According to the 17-count indictment unsealed today, Khan and Huda were principals of Gallant Pharma, which allegedly began illegally importing prescription drugs, including intravenous chemotherapy drugs and injectable cosmetics, into the United States in or around August 2009. Gallant Pharma represented itself as a “Canadian company” and told potential customers that it sold drugs from Canada. The indictment alleges, however, that Khan, with the assistance of Huda, Mallick, Aminzada, and others, acquired drugs from other parts of the world, including India, Switzerland, and Turkey. These drugs were allegedly not manufactured and packaged in accordance with FDA requirements and, in some cases, were not approved by the FDA for use in the United States. The indictment states that Gallant Pharma imported the drugs with the assistance of co-conspirators in Canada and the United Kingdom, including Aminzada, who broke large shipments into many small packages, mislabeled the contents of packages, and addressed deliveries to Dr. Sarraf at his medical practice in McLean, Virginia, in order to lessen scrutiny by Customs and Border Protection. Initially, Gallant Pharma allegedly operated out of the apartment of Huda and his wife, Mallick, in Crystal City, where Huda is alleged to have served as the day-to-day head of Gallant Pharma in the United States and Mallick had primary responsibility for processing sales invoices and customer payments. Until June 2013, Gallant Pharma allegedly stored the misbranded drugs at an office in Springfield, Virginia.
According to the indictment, Gallant Pharma was not licensed to distribute prescription drugs in the United States. Nonetheless, Gallant Pharma is alleged to have sold drugs to doctors, hospitals, and medical practices across the United States, generating more than $8.6 million in revenue since August 2009. Gallant Pharma allegedly employed a cadre of sales representatives with dedicated sales territories across the United States.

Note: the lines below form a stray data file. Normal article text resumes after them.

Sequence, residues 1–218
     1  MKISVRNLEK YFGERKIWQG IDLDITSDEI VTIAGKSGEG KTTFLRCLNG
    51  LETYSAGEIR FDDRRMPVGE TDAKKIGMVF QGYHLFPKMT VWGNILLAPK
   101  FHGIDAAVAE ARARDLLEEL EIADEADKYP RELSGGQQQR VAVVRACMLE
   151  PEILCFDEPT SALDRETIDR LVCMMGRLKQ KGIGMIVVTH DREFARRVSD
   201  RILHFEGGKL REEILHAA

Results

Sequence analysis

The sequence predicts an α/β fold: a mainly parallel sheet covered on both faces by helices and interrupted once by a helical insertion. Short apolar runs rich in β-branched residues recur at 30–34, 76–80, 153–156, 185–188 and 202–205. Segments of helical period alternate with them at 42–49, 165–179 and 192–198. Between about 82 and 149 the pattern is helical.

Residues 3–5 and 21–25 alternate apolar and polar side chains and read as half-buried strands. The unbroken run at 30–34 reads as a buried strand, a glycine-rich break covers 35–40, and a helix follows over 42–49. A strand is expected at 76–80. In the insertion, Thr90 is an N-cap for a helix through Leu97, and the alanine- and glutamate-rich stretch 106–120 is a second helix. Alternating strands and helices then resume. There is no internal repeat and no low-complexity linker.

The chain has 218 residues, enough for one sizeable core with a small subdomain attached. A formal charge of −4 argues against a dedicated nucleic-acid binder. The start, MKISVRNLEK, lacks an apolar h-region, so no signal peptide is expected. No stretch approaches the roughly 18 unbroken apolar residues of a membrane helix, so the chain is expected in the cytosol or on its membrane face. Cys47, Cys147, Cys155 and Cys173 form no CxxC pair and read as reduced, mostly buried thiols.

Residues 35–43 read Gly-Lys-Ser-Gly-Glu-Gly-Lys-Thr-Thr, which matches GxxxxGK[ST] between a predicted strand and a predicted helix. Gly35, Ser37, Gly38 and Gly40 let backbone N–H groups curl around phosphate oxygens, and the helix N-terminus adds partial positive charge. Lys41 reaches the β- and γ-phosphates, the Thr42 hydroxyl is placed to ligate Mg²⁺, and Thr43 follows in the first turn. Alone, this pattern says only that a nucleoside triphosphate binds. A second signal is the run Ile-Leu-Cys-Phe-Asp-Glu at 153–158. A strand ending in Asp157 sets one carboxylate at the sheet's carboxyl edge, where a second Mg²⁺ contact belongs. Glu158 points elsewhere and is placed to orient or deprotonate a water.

The defendants are charged with the following offenses: conspiracy to commit importation fraud, introduction of misbranded drugs into interstate commerce, unlicensed medical wholesaling, wire fraud, and to defraud the FDA, each of which is punishable by a maximum term of imprisonment of five years; importation contrary to law, which is punishable by a maximum term of imprisonment of twenty years; introduction of misbranded drugs into interstate commerce, which is punishable by a maximum term of imprisonment of three years; unlicensed medical wholesaling, which is punishable by a maximum term of imprisonment of three years; wire fraud, which is punishable by a maximum term of imprisonment of twenty years; and monetary transactions with criminally derived proceeds, which is punishable by a maximum term of imprisonment of ten years.
The investigation was conducted by FDA Office of Criminal Investigations, Drug Enforcement Agency Group 33 Diversion Task Force, Department of Homeland Security Office of Immigration and Customs Enforcement, the United States Postal Inspection Service, with assistance from the Arlington County Police Department. Assistant United States Attorneys Lindsay A. Kelly, Alexander T.H. Nguyen, and Ryan K. Dickey are prosecuting the case on behalf of the United States.
Criminal indictments are only charges and not evidence of guilt. A defendant is presumed to be innocent until and unless proven guilty.